St. Helens nonprofit Lifempowered plans $4M construction
A local service provider for adults with developmental disabilities is planning a $4.4 million rebuild of its current headquarters in St. Helens.
Lifempowered, known as Riverside Training Centers until 2020, has run administration out of a building on land owned by the Port of Columbia County for decades. The nonprofit operates group homes, runs a day program for adults with intellectual or developmental disabilities, and provides support for people living in their own homes.
Lifempowered executive director Cindy Stockton said that their latest strategic plan showed that accomplishing the organization's goals would require an updated building. Remodeling the existing roughly 9,000-square-foot building would cost almost the same as building an entirely new building, Stockton said.
But in order to get funding to construct a new building, the organization needs to own the property.
"It's really hard to get grants if what you're building wouldn't ultimately be yours," Stockton said.
The Port of Columbia County board of commissioners voted to authorize port staff to sell the property to Lifempowered last month, but Stockton said the purchase isn't finalized quite yet.
In the new facility, "a small part would house our current administrative staff, but the rest of the building — for the first five years at least — would be use by people we support," meaning people with disabilities and those who work with them, Stockton said.
The building's meeting spaces could also be opened up to use by other nonprofits, but only after five years because of grant requirements, Stockton explained.
"It creates capacity for meeting space which is not prevalent in the county."
Lifempowered is working with St. Helens to apply for a community development block grant. Those federal funds can be used for community facilities, but a city or county has to apply for the funds. St. Helens previously received $1.5 million for the Columbia Pacific Food Bank through the grant program.
The state and federal government pay for services for people with disabilities, which mostly covers operational costs. But for capital improvement projects like a new building, providers have to seek funding through public and private grants and donations.
The nonprofit agreed to purchase the property from the port for $225,000, a 10% discount from the $250,000 appraisal the port received.
The port leases properties throughout the port district, but rarely sells property.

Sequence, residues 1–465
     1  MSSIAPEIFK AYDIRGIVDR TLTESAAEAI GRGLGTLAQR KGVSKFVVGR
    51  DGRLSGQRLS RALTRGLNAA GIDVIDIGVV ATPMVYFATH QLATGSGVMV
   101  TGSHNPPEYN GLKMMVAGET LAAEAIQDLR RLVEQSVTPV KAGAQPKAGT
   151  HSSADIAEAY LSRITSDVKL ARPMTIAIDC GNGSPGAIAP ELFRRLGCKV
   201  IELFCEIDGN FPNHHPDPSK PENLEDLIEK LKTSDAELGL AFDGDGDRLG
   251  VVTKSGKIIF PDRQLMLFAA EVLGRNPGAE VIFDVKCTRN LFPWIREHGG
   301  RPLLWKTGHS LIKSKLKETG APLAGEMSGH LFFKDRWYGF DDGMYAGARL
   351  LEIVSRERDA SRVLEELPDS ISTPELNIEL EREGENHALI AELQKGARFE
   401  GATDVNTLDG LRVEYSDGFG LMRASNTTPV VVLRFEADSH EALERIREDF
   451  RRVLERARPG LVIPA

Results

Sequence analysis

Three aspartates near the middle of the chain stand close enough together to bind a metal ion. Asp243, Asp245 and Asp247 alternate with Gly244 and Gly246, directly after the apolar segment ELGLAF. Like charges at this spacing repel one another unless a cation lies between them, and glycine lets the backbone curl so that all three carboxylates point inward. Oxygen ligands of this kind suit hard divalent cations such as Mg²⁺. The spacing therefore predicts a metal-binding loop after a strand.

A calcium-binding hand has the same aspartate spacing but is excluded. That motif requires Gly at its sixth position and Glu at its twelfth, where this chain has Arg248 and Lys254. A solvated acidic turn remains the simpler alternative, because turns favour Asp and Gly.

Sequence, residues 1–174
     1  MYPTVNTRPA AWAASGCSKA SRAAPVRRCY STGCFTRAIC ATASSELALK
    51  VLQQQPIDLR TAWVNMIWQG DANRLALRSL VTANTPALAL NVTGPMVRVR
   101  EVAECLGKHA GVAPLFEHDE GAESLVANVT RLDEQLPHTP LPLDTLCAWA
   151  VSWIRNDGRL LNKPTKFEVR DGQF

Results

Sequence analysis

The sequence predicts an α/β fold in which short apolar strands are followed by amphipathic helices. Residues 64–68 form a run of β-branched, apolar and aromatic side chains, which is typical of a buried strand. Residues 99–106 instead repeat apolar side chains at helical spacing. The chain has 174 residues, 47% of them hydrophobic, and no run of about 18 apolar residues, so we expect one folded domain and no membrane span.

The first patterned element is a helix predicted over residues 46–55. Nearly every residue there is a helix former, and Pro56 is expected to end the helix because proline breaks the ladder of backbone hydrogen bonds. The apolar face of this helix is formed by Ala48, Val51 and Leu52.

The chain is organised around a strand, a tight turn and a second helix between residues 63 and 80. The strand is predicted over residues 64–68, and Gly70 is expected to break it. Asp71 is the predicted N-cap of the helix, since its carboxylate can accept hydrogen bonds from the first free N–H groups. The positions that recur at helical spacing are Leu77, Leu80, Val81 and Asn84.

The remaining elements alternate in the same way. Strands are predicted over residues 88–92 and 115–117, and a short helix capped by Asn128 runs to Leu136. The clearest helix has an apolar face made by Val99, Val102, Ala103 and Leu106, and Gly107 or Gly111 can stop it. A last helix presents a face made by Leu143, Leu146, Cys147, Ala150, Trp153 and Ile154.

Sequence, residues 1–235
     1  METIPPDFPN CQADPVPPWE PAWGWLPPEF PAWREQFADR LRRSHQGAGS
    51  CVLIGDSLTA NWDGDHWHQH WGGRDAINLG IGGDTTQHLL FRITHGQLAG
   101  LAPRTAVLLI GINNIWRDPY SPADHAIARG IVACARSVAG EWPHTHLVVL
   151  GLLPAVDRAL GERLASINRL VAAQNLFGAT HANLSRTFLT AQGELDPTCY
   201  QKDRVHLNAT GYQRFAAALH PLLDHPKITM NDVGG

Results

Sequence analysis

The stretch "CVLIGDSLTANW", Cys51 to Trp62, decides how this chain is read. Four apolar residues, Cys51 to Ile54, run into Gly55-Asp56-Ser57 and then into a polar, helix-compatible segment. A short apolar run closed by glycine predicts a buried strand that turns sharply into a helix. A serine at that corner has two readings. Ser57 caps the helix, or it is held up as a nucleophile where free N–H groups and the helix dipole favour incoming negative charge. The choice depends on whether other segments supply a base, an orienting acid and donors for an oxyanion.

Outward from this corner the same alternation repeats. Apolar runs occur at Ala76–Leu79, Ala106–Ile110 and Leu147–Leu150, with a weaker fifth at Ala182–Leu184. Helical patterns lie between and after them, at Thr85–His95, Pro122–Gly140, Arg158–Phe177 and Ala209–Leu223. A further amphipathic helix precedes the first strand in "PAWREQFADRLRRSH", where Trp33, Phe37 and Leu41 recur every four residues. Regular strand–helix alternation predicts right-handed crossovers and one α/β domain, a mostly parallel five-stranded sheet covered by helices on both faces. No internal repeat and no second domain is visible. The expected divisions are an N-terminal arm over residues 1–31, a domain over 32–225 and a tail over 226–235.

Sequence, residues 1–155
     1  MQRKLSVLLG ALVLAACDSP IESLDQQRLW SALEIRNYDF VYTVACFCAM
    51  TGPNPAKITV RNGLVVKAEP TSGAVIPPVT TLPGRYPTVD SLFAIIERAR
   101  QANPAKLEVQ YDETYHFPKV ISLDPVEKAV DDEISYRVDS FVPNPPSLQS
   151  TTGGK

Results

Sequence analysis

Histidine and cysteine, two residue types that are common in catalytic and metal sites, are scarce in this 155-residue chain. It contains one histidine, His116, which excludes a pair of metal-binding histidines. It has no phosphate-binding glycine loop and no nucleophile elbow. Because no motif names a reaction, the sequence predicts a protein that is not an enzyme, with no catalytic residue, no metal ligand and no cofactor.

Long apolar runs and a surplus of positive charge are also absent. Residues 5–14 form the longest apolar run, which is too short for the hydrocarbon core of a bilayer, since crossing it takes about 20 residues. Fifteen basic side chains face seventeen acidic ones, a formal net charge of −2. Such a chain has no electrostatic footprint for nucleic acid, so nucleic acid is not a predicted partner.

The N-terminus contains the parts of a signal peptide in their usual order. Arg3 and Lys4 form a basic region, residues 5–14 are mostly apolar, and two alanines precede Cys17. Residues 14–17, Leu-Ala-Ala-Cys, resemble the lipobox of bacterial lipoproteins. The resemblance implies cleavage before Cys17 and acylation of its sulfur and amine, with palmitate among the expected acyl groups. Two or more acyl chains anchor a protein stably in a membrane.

The sale price proved complex earlier this year, with commissioners debating how much of a discount — if any — they wanted to give to Lifempowered.
"If it was up to me, I would give them the land with no payments at all, because I think that what they give to our community is a service that is not being provided by anyone else, for the most vulnerable among us," Port Commissioner Nancy Ward said at a May port meeting. "But in order for us to do that, we would actually have to change our whole structure. I mean, we are a capitalistic organization, that's our mission. I don't think that we are going to change that, as much as I would like it to change."
Commissioner Larry Ericksen said that Lifempowered's work is "transformational, for people's lives, for our community — no question about that.Â
But commissioners expressed concern about the consequences of offering a hefty discount.
Considering a $25,000 discount, Ericksen said he was "happy to do that. I think it's worth of that."
But, he added, "I struggle doing more than that, because I don't want to set a precedent for a future commission, that they're stuck with something like that."
Commissioner Chris Iverson, who left the board in June when his term ended, said he had "real issues" with using taxpayer funds to buy property and then giving it away for free or with a substantial discount. "What do we tell people who say, 'Hey, I had to pay you taxes, and now you're giving stuff away?'"
Ericksen has since resigned from the commission to move out-of-state. Iverson is expected to be re-appointed to fill out his unexpired term.
Commissioner Robert Keyser said he seeks to base his decisions on not just job creation, but also job retention.
"I do think that supporting existing jobs is as important as recruiting new," he added.
The Lifempowered project "brings revenue to our community and jobs just from the construction and the ongoing maintenance of the building. It helps us grow our organization which creates more jobs. And it engages our employees to have higher skill sets, which allows them to reach certifications so we can pay higher wages, (and) it brings that money back into the community," Stockton told commissioners in May.
When fully staffed, the nonprofit has close to 100 employees. The group homes house a total of 30 people, with a dozen more receiving assistance in their homes. In a year, the nonprofit serves about 70 people, Stockton estimated. Most of those people require services for many years.
"People we support don't 'get better.' They have an intellectual disability from birth, typically," Stockton explained.
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